Home Improvement Biz Needs Improving

April 6th, 2011
By

I wanted to write something positive to promote the new Career Changers TV episode that premiers Thurs., 8:30 PM on OC16, but I feel like I have to get this off my chest: Are local companies purposely trying to lose business? Over the past few weeks, my wife and I have been getting price quotes for new windows, carpeting, air conditioning and bathroom remodeling projects. Here's some of the things we've encountered...

• Companies that take days to get back to us with price estimates or other information we requested. Some didn't respond until we followed up a week later. And this was for things that would cost anywhere from $3,000 to $10,000. Those were lost sales that went to competitors who were eager to provide answers.

• Inaccurate information. In one case, we were told windows we ordered would arrive in 4-6 weeks. We made it clear that timing was important because of other work that was scheduled to be done. After 6 weeks had passed, I had to call and ask what the status was. The sales guy was defensive and made excuses before he even checked. "It normally takes 6 to 8 weeks," he said, contradicting what he told us earlier. Then he looked it up and said the windows wouldn't be arriving for another 3 weeks. I'll never do business with them again.

• Confusing price quotes. Instead of breaking out costs by items and labor, some contractors just lump everything together. When we asked for specifics, it became apparent they were including high end products or marking up certain items. We told them we were on a budget, and yet they didn't offer different options that were more affordable.

• Stores that closed at 5 pm on weekdays or weren't open on weekends. Um, if you're selling tile, carpet, or home furnishings, why would you limit your hours to times when most people are working? We even took a weekday off to go to some of those places... guess what? They were pretty empty because potential customers were at work. Sheesh.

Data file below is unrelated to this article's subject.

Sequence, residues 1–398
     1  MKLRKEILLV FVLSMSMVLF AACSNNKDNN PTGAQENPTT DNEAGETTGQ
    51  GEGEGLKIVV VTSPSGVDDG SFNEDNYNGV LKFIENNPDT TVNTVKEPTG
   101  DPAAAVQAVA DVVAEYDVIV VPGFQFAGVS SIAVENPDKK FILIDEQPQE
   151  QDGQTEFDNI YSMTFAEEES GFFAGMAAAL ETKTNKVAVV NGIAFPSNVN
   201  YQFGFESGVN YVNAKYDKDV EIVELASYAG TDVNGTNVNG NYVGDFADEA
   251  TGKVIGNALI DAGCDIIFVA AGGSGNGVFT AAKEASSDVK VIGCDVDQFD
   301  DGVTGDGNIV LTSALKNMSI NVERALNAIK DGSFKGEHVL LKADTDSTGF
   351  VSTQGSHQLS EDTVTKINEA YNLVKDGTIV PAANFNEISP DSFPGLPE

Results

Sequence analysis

• Speaking of empty, have you been to the Gentry Pacific Design Center lately? Lots of vacant space. That was supposed to be a place where you could get remodeling help from concept to completion. But it seemed like they were all competing for the upscale, luxury projects... and there's only so many of those to go around. Did any of them consider going after the middle class market, and offering more affordable designs for budget-minded home owners?

• Companies with name or image problems. This may sound trivial, but when you're trying to Google a company or find their website, it helps to have a name that's easy to remember. Not so good: having a name with "Sewer" in it, when they're advertising upscale bathroom remodeling services. That may be fine for plumbing work, but no one wants to tell friends or family that Joe's Sewer Cleaners did their bathroom redesign.

The one bright spot: found a good handyman in Kailua who offers very reasonable hourly rates, and always does his best to try and save us money. If you want his name and phone number, drop me an email.

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Program Alert - The April CCTV episode that starts running 4/7 will feature a first for us: we're taking the leap into selling products through our show. The first items are unique life-saving devices developed by local inventor Dr. Rob Yonover, which we believe every boater and fisherman in Hawaii should have on board when they go out to sea. To find out more, please visit our website for daily viewing times or check out our CCTV YouTube Channel to watch video segments.

5 Responses to “Home Improvement Biz Needs Improving”

  1. Mr. B:

    I've noticed this too Rich. Recently, we had a similar experience ordering some T-shirts, from a local company, for my son's football team. The guy was behind schedule and took long to complete our order. We could live with that - we are very tolerant people. However, what peed us off was the fact that this guy would never return phone calls, and it was ALWAYS my wife who had to initiate the calls.